To Have or Not To Have a Car / Fernando Damaso

Above: Two men repair a car from the former USSR.

In any country, the acquisition of a car, whether new or used, usually represents a reason for the new owner’s satisfaction.  In Cuba, if acquiring a vehicle demands overcoming numerous obstacles, keeping it functioning requires overcoming many more.

In the first place, new cars can only be gotten if the State grants the right, generally to functionaries of political and governmental agencies, armed forces officers, some professionals (above all from the health sector after completing missions abroad), artists (mainly musicians), some intellectuals and high performance athletes with relevant results in international events.  In all cases, demonstrated loyalty to governmental ideology and politics is an indispensable requisite.

In the second place, the decree that authorizes the purchase and sale of vehicles between citizens — something that was already done in an illegal manner — refers only to those in use for several years.  We are talking about those that have traveled our deteriorated roads and avenues for a long time: vehicles from the ’40s and ’50s, the first known as “almendrones” (from the word for “almond”) mostly of American make, some German and Italian, and the ones built in the formerly socialist camp, largely the extinct Soviet Union and Poland.  In recent years, although in reduced quantities, vehicles from Japan, South Korea, Germany, Brazil and lastly China have been added.

The owner of a vehicle must confront various problems, one of the most important being the acquisition of fuel: he must pay 1.20 CUC in convertible pesos for each liter for regular gasoline and 1.40 CUC for higher octane.  This represents, in the first case, two days’ salary in national currency (29 Cuban pesos, or CUP), and in the second, more than two days’ (33 CUP), based on an average monthly salary of 440 CUP.

The next problem refers to the oils and lubricants, missing in the garages that offer scrubbing and lubricating service in national currency, requiring the car owner to get them in CUC, at elevated prices, in the convertible pesos garages, or in CUC or CUP at a lower price on the black market.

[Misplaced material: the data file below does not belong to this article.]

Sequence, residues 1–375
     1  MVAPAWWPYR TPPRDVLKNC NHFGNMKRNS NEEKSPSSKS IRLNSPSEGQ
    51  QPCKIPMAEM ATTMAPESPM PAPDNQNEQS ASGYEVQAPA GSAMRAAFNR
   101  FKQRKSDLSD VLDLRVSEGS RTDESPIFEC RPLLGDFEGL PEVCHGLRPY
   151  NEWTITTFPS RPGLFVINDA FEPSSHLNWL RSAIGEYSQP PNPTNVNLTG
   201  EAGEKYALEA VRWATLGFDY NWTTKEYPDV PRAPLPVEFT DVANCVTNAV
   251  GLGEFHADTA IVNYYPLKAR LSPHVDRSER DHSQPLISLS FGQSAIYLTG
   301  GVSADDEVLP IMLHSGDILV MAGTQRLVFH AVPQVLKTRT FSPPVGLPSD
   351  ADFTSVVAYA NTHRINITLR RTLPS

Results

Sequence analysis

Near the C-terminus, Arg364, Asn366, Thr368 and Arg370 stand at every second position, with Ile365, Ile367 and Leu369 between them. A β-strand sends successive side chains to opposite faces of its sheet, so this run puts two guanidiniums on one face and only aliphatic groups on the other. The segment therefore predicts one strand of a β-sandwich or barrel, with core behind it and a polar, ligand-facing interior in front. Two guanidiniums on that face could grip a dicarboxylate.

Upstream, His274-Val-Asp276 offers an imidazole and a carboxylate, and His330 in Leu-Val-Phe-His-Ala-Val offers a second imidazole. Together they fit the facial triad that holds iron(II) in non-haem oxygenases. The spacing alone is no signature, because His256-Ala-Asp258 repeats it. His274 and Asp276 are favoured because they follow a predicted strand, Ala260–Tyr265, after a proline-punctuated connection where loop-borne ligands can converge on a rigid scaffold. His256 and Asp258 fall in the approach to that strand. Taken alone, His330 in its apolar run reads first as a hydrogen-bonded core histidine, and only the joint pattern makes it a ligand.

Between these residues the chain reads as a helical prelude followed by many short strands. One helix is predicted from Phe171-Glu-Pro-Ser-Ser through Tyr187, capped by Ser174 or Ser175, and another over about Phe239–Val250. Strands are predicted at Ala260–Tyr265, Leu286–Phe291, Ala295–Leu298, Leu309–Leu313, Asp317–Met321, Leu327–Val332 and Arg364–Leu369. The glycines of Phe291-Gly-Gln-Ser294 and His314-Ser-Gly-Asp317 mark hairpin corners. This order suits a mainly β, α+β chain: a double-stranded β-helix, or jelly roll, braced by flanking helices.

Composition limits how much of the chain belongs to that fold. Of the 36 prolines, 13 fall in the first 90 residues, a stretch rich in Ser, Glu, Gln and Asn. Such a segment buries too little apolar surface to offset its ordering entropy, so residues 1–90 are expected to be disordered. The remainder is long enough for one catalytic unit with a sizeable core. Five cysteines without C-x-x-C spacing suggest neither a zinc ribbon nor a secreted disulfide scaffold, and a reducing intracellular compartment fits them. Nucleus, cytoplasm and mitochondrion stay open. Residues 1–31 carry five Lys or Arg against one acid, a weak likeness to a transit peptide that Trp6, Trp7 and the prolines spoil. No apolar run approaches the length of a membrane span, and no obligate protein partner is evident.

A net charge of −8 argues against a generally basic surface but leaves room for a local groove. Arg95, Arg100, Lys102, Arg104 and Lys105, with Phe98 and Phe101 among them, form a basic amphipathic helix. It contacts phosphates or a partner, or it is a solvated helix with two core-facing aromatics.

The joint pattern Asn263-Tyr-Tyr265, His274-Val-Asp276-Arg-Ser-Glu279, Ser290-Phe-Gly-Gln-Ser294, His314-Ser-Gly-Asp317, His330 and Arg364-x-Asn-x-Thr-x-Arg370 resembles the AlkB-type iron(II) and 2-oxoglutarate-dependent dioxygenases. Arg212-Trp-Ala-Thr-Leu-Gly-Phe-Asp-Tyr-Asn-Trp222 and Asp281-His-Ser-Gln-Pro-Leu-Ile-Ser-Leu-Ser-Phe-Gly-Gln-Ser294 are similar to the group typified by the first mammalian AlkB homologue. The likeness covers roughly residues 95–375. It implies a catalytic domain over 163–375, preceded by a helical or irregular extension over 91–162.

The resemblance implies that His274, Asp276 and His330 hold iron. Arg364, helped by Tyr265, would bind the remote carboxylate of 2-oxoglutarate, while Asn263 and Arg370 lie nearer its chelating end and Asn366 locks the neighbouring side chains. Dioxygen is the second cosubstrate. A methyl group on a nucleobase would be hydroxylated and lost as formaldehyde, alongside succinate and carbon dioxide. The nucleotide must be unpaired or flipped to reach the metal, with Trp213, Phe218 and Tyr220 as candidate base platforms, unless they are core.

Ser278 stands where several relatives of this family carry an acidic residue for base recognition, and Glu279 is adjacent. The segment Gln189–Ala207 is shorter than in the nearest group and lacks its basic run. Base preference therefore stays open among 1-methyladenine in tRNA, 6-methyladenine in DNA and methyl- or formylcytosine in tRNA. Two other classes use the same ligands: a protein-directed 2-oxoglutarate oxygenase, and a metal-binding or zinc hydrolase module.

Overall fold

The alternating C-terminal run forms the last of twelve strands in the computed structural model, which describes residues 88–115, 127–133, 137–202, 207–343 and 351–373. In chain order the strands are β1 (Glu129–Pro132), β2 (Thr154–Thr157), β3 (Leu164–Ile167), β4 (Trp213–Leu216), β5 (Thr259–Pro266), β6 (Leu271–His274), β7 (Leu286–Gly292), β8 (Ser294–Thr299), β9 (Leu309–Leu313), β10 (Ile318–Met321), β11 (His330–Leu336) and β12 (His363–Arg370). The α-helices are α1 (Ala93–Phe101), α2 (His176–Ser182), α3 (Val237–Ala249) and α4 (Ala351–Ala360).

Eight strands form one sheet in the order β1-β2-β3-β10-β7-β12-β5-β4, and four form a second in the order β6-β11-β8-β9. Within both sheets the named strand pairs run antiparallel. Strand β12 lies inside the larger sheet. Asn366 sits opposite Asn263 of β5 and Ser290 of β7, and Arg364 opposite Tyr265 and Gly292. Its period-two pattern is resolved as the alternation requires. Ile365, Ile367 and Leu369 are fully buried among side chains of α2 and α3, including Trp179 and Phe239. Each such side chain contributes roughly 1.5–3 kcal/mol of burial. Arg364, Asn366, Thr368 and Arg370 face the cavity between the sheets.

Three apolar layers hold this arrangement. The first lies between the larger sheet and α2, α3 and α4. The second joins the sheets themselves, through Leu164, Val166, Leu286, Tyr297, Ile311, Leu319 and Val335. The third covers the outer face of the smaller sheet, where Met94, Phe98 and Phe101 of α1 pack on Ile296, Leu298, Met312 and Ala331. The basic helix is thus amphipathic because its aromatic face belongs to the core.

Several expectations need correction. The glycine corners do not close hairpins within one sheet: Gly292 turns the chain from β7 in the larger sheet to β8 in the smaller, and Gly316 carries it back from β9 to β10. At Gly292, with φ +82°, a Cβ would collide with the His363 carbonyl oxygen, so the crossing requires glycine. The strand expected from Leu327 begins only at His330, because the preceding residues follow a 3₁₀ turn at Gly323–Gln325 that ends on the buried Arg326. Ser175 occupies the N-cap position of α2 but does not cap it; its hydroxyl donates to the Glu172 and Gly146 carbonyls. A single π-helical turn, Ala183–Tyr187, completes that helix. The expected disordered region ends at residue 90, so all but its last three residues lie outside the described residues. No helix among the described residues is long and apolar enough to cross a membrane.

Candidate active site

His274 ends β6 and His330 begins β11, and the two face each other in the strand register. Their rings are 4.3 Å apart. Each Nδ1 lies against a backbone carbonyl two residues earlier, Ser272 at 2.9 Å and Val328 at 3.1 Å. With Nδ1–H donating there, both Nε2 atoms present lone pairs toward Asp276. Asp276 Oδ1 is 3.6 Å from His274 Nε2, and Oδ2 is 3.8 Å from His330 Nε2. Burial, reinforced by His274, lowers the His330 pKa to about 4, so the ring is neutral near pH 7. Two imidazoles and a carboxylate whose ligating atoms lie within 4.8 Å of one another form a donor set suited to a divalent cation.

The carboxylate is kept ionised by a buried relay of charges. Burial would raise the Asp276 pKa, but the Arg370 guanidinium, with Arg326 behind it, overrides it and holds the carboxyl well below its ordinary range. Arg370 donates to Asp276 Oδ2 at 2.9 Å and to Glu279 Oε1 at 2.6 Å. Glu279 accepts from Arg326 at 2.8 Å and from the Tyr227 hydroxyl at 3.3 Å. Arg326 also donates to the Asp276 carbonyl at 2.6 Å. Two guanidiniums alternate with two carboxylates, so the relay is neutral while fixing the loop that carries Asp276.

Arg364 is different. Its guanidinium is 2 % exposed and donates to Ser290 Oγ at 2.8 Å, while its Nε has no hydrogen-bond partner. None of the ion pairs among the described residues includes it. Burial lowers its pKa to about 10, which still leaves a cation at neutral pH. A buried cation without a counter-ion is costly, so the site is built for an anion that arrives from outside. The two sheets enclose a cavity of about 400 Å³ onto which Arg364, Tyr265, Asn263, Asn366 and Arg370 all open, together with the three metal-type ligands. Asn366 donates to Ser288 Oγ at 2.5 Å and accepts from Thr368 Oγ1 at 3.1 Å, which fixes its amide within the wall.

Nevertheless, these problems are trifles compared to those involved in confronting repairs and the acquisition of replacement parts, tires and batteries.  The majority of state mechanic shops disappeared, and individuals not yet authorized, the repairs must be resolved with private mechanics, who are able to work on state premises devoid of equipment (by arrangement with the appropriate administrator), at his home, at that of the car owner, using his own tools and, sometimes, even those of the client.

The prices, as is to be expected, are arranged directly between the mechanic and the car owner, usually being elevated, as much in CUC as in CUP.  The main replacement parts, almost always missing from the state stores, must be gotten on the black market.  Customarily, near the state stores, the presence of the citizens equipped with cell phones that, before any solicitation, immediately locate the searched-for piece or accessory.

In the state stores, depending on the type of vehicle, a tire may cost between 89 and 155 CUC (five or eight months’ average salary) and a battery between 90 and 175 CUC (the average salary of almost five to nine months).  On the black market tires can be acquired for 60-80 CUC and batteries for 90-110.

It seems, although it may not be the intention, that the State, with its elevated sale prices for citizens, stimulates the the existence of the illegality, especially when all or most of these items come from the “misappropriation of resources” and theft from the state stores and warehouses.

And best not to address the issue of sheet metal and paint, because these services, more than the cost of the materials (sheet metal, acetylene, welder, paints, thinners, etc) reach astronomical figures, on the order of hundreds of CUC.

The decision about having or not having a car in Cuba demands a lot of reflection: although it resolves a problem of scarce public transportation and represents freedom of movement, it constitutes too heavy a burden for any pocket and the psyche of the happy (?) owner.

From Diario de Cuba.

23 October 2013

Translated by mlk